Asahi Metal Industry Co. v. Superior Court (of California)

480 U.S. 102 (1987)


  • Gary Zurcher lost control of his Honda motorcycle while driving in Solano County and crashed into a truck.       His wife died in the accident.
  • Asahi, maker of valves in the tire that caused the accident, was aware that the valves would enter California.

Procedural History:

  • Zurcher filed a product liability action in the Superior Court of Calif. (Trial court) against Cheng Shin Rubber, a Taiwanese manufacturer of tire tubes.
  • Cheng Shin flied a cross complaint seeking indemnification from Asahi, manufacturer of the tube’s valve assembly.
  • Zurcher’s claims against Cheng Shin and other were eventually settled, leaving the Cheng Shin’s indemnification claim against Asahi.
  • Asahi moved to quash the service of summons
  • Superior Court (defendant) denied the motion to quash summons, holding that jurisdiction was constitutional
  • The Court of Appeal issued a preemptory mandate commanding the Superior Court to quash the service of summons, holding that jurisdiction was unconstitutional
  • The California Supreme Court reversed, holding that the jurisdiction was constitutional

Reversed- jurisdiction not constitutional.


Whether the service of summons upon Asahi was in accordance with due process. 


The service of summons was not constitutional because a corporation must be guilty of an action purposefully directed toward the forum state, and introducing goods in the stream of commerce is not considered a purposeful action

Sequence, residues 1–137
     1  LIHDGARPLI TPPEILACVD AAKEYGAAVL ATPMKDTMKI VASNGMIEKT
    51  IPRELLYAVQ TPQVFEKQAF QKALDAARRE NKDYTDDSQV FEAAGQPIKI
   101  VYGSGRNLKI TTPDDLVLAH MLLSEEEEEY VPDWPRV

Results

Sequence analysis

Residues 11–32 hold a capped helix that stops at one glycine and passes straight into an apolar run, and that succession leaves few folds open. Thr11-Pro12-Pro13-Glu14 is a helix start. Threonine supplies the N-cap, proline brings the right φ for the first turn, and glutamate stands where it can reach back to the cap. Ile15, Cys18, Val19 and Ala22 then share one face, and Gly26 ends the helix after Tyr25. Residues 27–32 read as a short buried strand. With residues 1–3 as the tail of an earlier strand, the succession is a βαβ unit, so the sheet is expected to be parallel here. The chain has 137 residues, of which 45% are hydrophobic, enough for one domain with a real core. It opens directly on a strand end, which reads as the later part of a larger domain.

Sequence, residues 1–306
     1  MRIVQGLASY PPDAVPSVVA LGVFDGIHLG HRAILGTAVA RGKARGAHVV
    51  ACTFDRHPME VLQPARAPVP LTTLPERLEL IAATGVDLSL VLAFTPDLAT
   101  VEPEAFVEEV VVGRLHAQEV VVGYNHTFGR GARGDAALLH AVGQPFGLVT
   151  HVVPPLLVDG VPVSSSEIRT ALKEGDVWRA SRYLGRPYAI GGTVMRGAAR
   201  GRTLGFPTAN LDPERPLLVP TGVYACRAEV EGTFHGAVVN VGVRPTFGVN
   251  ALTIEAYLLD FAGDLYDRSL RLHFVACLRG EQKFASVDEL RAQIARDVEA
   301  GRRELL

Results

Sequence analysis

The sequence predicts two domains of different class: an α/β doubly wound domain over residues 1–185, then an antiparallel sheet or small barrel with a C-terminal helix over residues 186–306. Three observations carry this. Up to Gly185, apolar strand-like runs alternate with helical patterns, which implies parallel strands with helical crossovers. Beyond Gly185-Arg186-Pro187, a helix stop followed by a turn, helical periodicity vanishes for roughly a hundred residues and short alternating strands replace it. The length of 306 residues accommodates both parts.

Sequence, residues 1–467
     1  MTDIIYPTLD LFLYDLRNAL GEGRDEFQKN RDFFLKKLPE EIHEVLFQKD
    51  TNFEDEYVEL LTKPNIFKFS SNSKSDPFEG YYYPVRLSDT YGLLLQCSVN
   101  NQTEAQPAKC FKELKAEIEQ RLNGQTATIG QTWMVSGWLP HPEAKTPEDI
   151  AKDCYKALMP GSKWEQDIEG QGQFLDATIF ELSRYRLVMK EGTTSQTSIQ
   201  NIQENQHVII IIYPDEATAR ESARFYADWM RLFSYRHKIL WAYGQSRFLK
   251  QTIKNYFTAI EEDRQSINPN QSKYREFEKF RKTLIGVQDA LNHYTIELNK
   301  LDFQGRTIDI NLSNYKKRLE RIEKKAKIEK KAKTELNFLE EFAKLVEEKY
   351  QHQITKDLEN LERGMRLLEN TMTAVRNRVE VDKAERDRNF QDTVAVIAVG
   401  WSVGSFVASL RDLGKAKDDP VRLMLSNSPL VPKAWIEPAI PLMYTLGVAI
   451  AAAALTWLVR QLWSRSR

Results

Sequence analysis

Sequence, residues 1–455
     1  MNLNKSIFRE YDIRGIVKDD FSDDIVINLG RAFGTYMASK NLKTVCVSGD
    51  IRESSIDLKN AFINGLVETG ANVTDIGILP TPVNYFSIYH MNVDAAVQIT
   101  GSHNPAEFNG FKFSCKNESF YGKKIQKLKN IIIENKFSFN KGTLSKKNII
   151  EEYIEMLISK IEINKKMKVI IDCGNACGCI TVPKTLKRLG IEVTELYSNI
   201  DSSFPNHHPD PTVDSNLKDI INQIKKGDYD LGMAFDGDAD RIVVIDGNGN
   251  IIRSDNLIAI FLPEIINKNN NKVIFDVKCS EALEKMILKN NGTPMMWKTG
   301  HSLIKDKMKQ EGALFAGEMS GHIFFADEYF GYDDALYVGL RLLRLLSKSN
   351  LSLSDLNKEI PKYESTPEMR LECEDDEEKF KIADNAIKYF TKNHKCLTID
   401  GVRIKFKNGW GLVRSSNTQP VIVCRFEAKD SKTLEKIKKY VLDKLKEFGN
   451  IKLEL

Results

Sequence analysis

A state has jurisdiction over a defendant corporation if the corporation has performed direct actions toward the forum state, and merely placing products in the stream of commerce is not sufficient.


* Exercise of jurisdiction is unreasonable


* (1) Minimum contacts must be based on acts of the defendant (purposeful availment) and (2) they must be enough that the corporation reasonably thinks they will be taken to court.

* Factors for weighing reasonableness in matters of jurisdiction World-Wide Volkswagen Corp. v. Woodson (1987):

  1. Defendant’s burden
  2. Forum State interest
  3. Plaintiff’s interest
  4. Interstate judicial interests.
  5. (not taken up much, p. 116) interstate judicial interest in the most efficient resolution of controversy.

* Application:

  1. Defendant’s burden: severe; costs of litigating in a foreign country
  2. State interest: low because:
  1. Plaintiff is not a California resident
  2. The dispute is more about indemnification than safety
  1. Plaintiff’s interest: court only says it is slight.
  2. Interstate judicial interests: this is an international case and should be examined carefully in the interest of maintaining friendly relations with other countries.

* Balance comes out in favor Asahi, because jurisdiction is unreasonable, according to “fair play and substantial justice” described in International Shoe.

* Justices O’Connor, Rehnquist, Powell, and Scalia put forth a “stream of commerce theory”

For personal jurisdiction over foreign companies:

  1. Minimum contacts must be established by the direct acts of the defendant in the state.
  2. A unilateral act on the part of the consumer is not enough to be a “minimum contact”
  3. “Minimum contact” can also be defined as when a corporation delivers products into the stream of commerce with the expectation that they will be purchased in the forum state.

* Defendants do not show evidence of Asahi trying to purposely avail itself of the California Market.

Court’s Order:



Justices BRENNAN, WHITE, MARSHALL, and BLACKMUN disagree with the “stream of commerce theory”: By placing goods in the stream of commerce, a company gets (1) economic benefits from the sale of their products in the state and (2) the protection of the laws of that state. These benefits come by merely placing one’s goods in the stream of commerce, and to get them, no additional actions are needed.

Moreover, Asahi knew those valves would end up in CA.

Justice STEVENS, WHITE, and BLACKMUN disagree with the “stream of commerce plus theory” because the distinction between “mere awareness” and “purposeful availment” is not clear-cut.